UPDATE FROM PHIL:

Okay, I stand corrected. The brain intelligence machine must have worked to push Superman beyond super-smart into some level of, like, way ultra smart.

The important thing is that we're finally dealing with substantial issues on this blog!


YET ANOTHER UPDATE FROM PHIL:

Come to think of it, both Superman and the Flash consistently display one variation of superintelligence -- the ability to think very fast. Superman can have an entire internal monologue going on while chasing down a speeding bullet; the Flash frequently does the same kind of thing. Since I don't think Stephen has an old Flash comic ready to prove me wrong, I'm going to assert that the Flash was never declared to be super intelligent. (Although the silver age Flash, Barry Allen, was a very smart guy.) However, by being able to think much faster than normal human beings, the Flash was doing what we expect a simulated brain in a silicon substrate to be able to do -- think at the same speed we do, subjectively speaking, but with that subjective time taking a lot less actual time.

So the Flash can solve any complex problem that can be solved by trial and error in the blink of an eye -- not because he's thinking "better" than the rest of us, but merely because he's thinking faster.

Super-fast = super-intelligent.

Comments

Superman is an alien form another planet. A freakazoid that his human creators could have given or attrobuted any power. He's a girl's superhero.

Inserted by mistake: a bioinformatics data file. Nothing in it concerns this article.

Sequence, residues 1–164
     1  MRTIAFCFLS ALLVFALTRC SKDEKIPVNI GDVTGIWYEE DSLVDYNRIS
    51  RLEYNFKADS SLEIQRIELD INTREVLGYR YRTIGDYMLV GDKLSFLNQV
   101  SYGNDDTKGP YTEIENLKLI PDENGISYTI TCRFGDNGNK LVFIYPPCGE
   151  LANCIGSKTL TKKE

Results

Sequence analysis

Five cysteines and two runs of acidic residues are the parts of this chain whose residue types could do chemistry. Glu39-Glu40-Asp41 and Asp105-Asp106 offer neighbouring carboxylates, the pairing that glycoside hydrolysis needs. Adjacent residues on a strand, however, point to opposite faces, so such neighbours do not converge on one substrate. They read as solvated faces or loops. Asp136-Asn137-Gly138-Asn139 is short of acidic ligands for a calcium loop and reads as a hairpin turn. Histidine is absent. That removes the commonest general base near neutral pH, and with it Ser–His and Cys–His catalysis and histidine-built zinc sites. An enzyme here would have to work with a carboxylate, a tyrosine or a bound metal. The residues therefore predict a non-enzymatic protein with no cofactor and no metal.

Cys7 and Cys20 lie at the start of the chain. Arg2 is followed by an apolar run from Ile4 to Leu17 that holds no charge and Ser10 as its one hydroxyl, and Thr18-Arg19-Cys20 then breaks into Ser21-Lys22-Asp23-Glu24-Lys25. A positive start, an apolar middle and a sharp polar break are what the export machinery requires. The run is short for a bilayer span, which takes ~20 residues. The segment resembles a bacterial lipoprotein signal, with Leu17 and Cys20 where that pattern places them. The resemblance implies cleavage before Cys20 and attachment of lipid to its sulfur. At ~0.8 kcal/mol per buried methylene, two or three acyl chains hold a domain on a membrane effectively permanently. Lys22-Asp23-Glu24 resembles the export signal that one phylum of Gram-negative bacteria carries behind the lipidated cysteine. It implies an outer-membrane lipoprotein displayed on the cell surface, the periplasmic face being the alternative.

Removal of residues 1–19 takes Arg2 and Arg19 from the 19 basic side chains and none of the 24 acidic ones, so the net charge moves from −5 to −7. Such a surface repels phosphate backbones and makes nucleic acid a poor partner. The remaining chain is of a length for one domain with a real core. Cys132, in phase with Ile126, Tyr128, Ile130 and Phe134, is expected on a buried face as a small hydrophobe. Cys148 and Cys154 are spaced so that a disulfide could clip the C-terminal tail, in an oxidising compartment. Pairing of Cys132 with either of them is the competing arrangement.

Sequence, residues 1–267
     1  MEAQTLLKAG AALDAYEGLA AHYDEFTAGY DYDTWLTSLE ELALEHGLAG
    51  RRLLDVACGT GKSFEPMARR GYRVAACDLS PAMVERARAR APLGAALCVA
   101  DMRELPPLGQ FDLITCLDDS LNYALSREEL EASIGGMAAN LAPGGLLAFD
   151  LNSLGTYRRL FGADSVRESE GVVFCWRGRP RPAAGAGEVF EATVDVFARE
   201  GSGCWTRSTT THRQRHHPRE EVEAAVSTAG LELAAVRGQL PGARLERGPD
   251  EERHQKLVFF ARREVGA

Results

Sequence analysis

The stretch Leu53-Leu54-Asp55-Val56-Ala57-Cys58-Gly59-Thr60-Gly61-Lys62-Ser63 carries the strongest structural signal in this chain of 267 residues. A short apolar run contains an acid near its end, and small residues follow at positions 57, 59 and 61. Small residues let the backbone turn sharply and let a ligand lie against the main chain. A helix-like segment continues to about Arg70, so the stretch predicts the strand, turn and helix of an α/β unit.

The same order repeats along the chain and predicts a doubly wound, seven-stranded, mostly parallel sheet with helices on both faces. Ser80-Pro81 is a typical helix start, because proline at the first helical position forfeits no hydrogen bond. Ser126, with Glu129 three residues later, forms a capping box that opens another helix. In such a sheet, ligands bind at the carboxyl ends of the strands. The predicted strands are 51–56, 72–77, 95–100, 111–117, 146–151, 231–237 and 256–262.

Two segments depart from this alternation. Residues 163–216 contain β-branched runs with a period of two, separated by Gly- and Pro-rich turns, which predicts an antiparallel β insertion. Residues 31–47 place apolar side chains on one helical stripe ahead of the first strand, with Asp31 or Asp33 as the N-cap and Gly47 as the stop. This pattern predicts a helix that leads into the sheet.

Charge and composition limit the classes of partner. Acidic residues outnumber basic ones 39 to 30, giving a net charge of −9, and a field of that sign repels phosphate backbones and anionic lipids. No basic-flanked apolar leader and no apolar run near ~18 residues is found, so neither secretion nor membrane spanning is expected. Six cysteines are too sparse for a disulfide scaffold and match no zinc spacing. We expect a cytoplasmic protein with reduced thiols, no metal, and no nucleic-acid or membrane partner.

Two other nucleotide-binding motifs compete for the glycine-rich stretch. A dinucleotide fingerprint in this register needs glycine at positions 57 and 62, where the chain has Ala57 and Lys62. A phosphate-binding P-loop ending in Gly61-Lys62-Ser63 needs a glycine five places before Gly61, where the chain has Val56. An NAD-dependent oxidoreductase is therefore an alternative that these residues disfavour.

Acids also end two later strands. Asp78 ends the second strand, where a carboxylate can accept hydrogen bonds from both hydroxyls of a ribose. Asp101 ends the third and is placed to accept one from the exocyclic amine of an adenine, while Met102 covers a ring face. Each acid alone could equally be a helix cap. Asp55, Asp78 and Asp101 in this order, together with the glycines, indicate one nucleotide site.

Batman, however, is just Bruce Wayne. A guy with issues and wealth- but just a guy.

I always liked that Bruce Wayne/Batman was generally only interested in science as a means to an end. I suppose Superman was similar- but he's not human so comparisons about human qualities don't make that much sense.

Reed Richards- Mr Fantastic - is a scientist so naturally he's always at least as interested in the science of how and why things happen- especially how bad guys function and evil superpowers can be neutralized.
But all the superheroes birthed by mysterious and unrepeateable science experiments are inferior to Batman....just a guy trying to do right.

Vision is smarter than Superman, but he's not human.

Sheesh- from a human perspective, Mr X is smarter than Superman, even when Superman is in the fortress on mind altering substances and therefore Ultra smart.

He's a girl's superhero.

Oh, brother. Take it to the other thread.

I think Luthor would probably score higher than Clark on an IQ test, but Clark always wins. I'm starting to think that Superman wins not just because he's smarter, but because he's faster. Hypothesis: a really fast guy of average intelligence is smarter than a smart guy operating at normal speed. That's why Superman would win in a fight with Batman (not that they should be fighting; I'm from the silver age -- they should be buddies). No matter how ingenious Batman's plan, Superman is faster, ergo smarter, thus he kicks Batman's bat-butt.